'Concerns' raised after police disperse drinkers outside Ipswich pub

People flocked to Isaacs to make the most of the first weekend of restrictions easing. Picture: Sara

Queues formed outside Isaacs on the Quay on Ipswich Waterfront at the weekend - Credit: Sarah Lucy Brown

Business leaders have expressed their "concerns" after police were forced to issue a dispersal order to drinkers on Ipswich Waterfront over the weekend.

Staff at Isaacs on the Quay called police as a number of revellers were spotted drinking outside the pub on Saturday evening.

Isaacs made the decision to close early at 9.15pm on the pub's first Saturday of trade since lockdown measures were eased on April 12.

Paul Clement, chief executive of Ipswich Central, did not blame Isaacs in the incident and said the town's pubs had been responsible in enforcing Covid measures.

Paul Clement, chief executive of Ipswich Central. Picture: IPSWICH CENTRAL

Paul Clement, chief executive of Ipswich Central, did not blame Isaacs for the gathering - Credit: Archant

He said: "It was a nice weekend and people felt safe and confident to go out. Most pubs would have been fully booked.


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"We have some concerns about the incident outside Isaacs on Saturday, which was of no fault of the pub.

"We have not heard of any pubs doing anything wrong over the weekend."

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Elsewhere in Suffolk, landlords have said they enjoyed a successful weekend and were confident of keeping customers safe as pub gardens reopened.

Mark Dorber, who manages the Anchor pub in Walberswick, said: "It's been busy - people are very pleased to be back out and having cask ale for the first time in months.

The pub owner he fears he could lose trade at a vital time in the recovery from the Covid lockdown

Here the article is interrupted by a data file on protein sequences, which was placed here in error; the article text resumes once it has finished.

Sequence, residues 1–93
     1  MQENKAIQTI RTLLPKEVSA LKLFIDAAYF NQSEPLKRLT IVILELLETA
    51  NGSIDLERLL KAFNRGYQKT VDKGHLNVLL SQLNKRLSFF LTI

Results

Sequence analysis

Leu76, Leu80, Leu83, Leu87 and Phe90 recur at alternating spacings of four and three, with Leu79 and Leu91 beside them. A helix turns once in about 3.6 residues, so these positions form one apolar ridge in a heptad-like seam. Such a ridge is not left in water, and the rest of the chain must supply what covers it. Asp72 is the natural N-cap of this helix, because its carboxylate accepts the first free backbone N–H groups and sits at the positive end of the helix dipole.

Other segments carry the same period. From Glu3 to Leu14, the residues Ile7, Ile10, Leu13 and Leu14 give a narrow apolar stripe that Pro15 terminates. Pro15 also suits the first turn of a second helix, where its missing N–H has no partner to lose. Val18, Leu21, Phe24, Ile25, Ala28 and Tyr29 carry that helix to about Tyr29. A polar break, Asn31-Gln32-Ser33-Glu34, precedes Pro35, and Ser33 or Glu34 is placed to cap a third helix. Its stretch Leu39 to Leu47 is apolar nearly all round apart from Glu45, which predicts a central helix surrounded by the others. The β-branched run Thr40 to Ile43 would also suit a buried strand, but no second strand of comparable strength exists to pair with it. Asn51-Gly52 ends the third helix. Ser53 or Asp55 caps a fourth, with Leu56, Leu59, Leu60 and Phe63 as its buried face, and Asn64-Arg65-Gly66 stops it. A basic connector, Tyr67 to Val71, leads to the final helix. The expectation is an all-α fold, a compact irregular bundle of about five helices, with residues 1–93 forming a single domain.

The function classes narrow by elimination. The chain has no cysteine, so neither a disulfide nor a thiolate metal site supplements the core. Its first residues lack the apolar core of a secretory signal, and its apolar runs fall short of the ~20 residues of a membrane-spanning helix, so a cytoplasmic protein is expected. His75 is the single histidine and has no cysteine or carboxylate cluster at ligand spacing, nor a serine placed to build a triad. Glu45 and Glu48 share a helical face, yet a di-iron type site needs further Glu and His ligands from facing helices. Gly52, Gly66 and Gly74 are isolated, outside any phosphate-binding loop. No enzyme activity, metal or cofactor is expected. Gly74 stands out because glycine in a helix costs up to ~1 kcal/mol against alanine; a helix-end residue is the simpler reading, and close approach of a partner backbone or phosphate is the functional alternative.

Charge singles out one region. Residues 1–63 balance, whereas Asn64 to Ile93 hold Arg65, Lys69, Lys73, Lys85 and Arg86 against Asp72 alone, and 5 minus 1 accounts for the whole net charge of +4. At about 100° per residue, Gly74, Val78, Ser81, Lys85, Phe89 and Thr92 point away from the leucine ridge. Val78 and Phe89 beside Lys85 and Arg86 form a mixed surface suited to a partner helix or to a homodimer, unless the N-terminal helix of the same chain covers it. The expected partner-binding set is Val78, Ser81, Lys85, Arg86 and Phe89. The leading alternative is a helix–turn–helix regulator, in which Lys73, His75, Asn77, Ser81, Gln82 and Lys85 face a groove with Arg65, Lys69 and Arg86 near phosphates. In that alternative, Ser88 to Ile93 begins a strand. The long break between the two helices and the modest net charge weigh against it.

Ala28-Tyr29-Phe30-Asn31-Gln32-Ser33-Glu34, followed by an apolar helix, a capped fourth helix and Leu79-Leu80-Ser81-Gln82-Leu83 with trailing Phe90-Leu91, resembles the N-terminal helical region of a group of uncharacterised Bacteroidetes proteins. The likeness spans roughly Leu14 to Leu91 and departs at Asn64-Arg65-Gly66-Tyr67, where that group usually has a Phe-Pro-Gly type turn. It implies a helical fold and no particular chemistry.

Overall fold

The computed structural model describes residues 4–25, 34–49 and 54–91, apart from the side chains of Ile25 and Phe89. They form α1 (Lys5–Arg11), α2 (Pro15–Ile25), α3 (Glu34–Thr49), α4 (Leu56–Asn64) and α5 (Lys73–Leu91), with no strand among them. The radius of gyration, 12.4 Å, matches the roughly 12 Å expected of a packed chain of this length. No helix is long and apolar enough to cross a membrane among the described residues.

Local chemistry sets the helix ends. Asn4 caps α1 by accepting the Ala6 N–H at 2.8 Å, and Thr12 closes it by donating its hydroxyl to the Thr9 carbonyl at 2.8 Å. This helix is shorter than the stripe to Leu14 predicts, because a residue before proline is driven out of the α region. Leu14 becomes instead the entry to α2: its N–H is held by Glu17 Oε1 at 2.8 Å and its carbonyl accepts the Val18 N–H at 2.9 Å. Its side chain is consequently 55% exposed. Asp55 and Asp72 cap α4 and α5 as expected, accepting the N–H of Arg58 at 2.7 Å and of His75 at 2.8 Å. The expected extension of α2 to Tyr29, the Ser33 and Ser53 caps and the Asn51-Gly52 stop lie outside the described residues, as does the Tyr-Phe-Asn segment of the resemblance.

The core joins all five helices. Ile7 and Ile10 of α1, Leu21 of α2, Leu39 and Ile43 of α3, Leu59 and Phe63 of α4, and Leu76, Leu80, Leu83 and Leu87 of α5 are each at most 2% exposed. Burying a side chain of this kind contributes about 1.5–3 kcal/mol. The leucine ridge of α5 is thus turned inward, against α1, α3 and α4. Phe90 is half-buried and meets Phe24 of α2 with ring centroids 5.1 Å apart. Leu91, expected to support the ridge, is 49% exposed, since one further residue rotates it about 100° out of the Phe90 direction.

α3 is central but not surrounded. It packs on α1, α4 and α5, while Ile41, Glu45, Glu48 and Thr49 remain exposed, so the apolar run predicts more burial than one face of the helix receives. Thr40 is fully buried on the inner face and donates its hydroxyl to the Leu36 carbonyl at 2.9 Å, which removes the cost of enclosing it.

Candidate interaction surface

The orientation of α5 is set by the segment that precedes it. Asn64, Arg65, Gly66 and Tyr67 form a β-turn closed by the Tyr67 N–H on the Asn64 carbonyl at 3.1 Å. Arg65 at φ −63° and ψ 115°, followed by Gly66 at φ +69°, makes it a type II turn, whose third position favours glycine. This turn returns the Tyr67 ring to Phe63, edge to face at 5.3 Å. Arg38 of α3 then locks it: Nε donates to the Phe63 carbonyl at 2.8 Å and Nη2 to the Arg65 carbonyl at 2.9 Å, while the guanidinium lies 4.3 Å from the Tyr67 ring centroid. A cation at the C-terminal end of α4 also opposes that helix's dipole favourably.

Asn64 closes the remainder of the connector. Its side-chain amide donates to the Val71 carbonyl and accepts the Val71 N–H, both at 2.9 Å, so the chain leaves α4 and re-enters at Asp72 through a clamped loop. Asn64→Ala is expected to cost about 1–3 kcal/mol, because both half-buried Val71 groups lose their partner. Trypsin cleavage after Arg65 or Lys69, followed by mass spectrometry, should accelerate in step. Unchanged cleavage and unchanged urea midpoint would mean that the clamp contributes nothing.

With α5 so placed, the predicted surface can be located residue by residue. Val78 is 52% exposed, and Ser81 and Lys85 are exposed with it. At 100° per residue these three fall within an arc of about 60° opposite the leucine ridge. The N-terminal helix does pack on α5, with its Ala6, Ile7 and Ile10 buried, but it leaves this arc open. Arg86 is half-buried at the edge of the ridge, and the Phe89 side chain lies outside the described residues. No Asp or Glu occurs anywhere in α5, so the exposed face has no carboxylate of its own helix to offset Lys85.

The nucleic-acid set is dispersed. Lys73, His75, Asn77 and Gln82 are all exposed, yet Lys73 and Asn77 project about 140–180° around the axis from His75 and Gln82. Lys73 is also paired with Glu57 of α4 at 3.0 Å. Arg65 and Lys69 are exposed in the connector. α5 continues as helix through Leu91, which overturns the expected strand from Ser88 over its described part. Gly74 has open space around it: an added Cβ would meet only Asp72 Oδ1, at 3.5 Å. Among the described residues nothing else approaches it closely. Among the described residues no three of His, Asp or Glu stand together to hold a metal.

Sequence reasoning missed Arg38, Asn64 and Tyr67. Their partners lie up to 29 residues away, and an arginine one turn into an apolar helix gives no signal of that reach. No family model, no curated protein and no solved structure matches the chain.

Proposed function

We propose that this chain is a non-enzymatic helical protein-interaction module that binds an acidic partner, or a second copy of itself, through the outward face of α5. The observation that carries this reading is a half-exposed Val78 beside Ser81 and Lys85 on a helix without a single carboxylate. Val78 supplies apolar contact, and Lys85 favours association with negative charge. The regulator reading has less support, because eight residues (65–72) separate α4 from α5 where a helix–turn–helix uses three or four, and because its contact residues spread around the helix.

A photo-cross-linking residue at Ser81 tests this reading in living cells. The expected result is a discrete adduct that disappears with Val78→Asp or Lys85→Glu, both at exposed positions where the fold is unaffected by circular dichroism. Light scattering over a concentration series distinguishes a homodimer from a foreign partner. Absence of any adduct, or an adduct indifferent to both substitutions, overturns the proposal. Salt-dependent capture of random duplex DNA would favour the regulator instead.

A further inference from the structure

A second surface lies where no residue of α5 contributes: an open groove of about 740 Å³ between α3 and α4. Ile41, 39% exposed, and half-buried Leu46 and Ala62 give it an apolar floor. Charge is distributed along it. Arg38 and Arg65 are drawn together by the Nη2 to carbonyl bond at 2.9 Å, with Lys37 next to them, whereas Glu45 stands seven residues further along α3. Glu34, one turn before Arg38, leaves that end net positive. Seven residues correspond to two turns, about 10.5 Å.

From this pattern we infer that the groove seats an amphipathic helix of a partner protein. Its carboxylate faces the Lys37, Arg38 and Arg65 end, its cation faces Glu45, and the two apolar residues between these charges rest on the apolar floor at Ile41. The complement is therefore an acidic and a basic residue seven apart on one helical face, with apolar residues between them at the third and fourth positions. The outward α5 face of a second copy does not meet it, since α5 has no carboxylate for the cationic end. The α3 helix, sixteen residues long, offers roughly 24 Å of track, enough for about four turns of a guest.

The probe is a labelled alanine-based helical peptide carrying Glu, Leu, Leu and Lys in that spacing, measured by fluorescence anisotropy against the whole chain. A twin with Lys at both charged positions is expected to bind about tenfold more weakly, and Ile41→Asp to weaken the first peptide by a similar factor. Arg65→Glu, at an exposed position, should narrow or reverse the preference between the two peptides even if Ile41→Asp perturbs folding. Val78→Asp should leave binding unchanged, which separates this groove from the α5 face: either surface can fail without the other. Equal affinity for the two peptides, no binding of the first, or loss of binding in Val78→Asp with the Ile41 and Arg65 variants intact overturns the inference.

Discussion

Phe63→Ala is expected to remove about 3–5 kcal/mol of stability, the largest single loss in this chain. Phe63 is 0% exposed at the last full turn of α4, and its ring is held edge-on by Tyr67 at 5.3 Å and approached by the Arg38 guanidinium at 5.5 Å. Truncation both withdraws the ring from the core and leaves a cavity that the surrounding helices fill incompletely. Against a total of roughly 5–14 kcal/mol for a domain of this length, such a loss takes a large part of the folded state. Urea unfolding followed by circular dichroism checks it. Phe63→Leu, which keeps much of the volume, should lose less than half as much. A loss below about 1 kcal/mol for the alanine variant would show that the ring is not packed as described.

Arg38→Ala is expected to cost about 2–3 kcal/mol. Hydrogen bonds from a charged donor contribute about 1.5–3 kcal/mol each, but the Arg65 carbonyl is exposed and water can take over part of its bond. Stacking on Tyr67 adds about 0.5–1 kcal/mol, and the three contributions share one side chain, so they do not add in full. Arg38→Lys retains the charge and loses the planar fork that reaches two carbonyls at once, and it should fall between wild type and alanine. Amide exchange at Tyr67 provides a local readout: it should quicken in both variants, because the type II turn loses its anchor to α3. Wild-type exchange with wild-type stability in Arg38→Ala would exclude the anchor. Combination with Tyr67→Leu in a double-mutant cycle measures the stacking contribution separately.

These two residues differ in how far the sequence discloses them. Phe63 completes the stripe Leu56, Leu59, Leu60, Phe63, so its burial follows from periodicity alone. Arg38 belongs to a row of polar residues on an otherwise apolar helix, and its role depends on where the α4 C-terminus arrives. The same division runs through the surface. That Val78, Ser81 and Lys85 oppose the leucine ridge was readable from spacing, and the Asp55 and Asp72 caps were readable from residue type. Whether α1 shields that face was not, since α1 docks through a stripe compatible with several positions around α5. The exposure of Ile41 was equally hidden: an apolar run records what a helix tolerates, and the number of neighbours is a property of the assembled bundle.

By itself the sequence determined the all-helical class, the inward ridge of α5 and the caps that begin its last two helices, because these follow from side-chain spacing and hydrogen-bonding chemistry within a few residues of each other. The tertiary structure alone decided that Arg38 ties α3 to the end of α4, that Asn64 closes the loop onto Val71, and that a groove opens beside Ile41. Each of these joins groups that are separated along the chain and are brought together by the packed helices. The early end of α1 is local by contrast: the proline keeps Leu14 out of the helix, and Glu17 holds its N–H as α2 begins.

Mark Dorber, who manages the Anchor in Walberswick on the Suffolk coast - Credit: Charlotte Bond

"All has gone reasonably well. By and large, people have been pretty responsible.

"There are a lot of things that can go wrong, but it has gone well. We haven't had any issues.

"But I can understand why there's pent-up emotion."

Geoff Page, who is serving up to 20 customers outside the Nutshell in Bury St Edmunds, added: "The weekend has gone well. People have been following the protocols and had a decent time.

Geoff Page, landlord of The Nutshell in Bury St Edmunds

Geoff Page of the Nutshell, one of the UK's smallest pubs - Credit: Mariam Ghaemi

"There is no approach to change. We're not doing table bookings and we're not encouraging people to queue."

Penny Youngs-Debnam, who manages the Kingfisher pub in Chantry, said: "It was a bit mental. It was lovely to be open and see the faces we haven't seen in a long while.

Kingfisher pub landlady Penny Youngs-Debnam has made a name for herself as a community champion sinc

Kingfisher landlady Penny Youngs-Debnam said the pub had a successful weekend - Credit: Archant

"The hospitality trade has got the rough end of the stick - it is very, very hard.

"Everyone knows when alcohol gets involved things can change. But a pub is a very safe environment. We have the toughest restrictions and have to be on form and on top of everything."

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